been a long time since I bought tires..help..

Discussion in 'Cycling Equipment' started by fishboat, May 19, 2013.

  1. fishboat

    fishboat New Member

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    I was out of riding for a number of years and started up again a couple years back. I'm due for some new tires. I'm a bit heavier (and older) than years ago..currently run around 215-220 lbs.

    The tires are for a road bike (Windsor Pro..bought it new in '80). I run a set of Matrix Titan heat treated rims, 700c. The tires I''m taking off are 700cx20mm clinchers.

    I do recreational rides in the 25-50 mile range several times a week. Looking for a tire with (puncture) durability, good traction wet & dry, and a decent ride.

    After doing some searching I've read good things about Continental Grand Prix 4 Season & Continental Gatorskins.

    Will 23 or 25mm width fit my rims? Which one would be appropriate for me?

    Any suggestions on good makes or size(width)?

    one more thought..is there any advantage to mixing tires..one model on the front and a different make/model on the rear?
     
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  2. alienator

    alienator Well-Known Member

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    According to the specs, the outside width of those rims is 22mm, so they're on par with what's used today. You could use the 23mm or 25mm tires. I'd recommend the Conti GP 4 Seasons over the Gatorskins because they'll ride better and the difference in puncture resistance isn't that great. It's hard to beat the GP 4 Seasons for just about any road application short of crits, and even then using GP 4 Seasons likely won't cost you a race. Their only downside is their cost. You can find them cheaper in Europe or specifically in the UK. Check Total Cycling to see what they have in stock. I've used them quite a bit, and not only do they have stonking prices, they are dead reliable. You could also check out Chain Reaction Cycles in the UK and Slane Cycles, in Ireland. Right not Chain Reaction Cycles has the GP 4 Seasons at about $48, which is about $30 below their normal cost in the US. Their shipping is reasonable, and they're reliable, although not quite as quick as Total Cycling or Slane Cycling. Other good options would be Michelin Krylions (still available on the web even though they're no longer produced. Last year was their last year.), Michelin Pro Race 4 Endurance tires (the Krylion's replacement), and Maxxis Re-Fuse tires (the least expensive of the lot but very durable tires that have a decent ride and good grip). FYI, tire deals can also be found through eBay. Of course I'm talking about new tires.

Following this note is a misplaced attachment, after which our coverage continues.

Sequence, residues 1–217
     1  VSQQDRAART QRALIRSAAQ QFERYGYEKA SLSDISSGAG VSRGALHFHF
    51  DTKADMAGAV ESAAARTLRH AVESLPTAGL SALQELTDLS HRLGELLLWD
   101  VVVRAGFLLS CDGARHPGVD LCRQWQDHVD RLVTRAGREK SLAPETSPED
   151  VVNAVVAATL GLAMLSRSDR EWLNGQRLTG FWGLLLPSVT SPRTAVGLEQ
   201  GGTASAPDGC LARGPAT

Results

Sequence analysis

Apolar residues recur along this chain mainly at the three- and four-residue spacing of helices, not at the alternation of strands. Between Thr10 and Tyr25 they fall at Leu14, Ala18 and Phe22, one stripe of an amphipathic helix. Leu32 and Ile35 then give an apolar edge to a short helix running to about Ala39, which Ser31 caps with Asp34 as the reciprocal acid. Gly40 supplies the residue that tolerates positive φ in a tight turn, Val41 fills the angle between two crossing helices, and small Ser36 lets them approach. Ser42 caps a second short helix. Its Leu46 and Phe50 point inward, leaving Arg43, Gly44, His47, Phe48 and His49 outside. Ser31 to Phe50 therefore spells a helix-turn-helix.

3. fishboat

    fishboat New Member

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    Great info..just what I needed. Thanks for taking the time to post a response.

    I'm seeing folding vs non folding versions of the 4 season..is one better than the other? Since the tires will be on the bike & I'm not planning any trips in the short term, folding doesn't offer an advantage.
     
  4. alienator

    alienator Well-Known Member

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    Folding also doesn't offer any disadvantage, except for likely cheaper shipping. I can't see any advantage to non-folding tires.
     
  5. fishboat

    fishboat New Member

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    cool..I ordered up a pair of 4 seasons..thx for the help!
     
  6. danfoz

    danfoz Well-Known Member

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    The 4-Seasons are great tires. I've been riding a set over latex innies since last year over some pretty rough stuff without a flat. They roll pretty fast too..
     
  7. fishboat

    fishboat New Member

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    I managed to find a couple hours between the raindrops and the temp warmed up a bit..road the new 4 season tires..very nice ride.

    Thanks for the advice

    (btw..picked them up off of amazon for $48/ea w/ free shipping)
     
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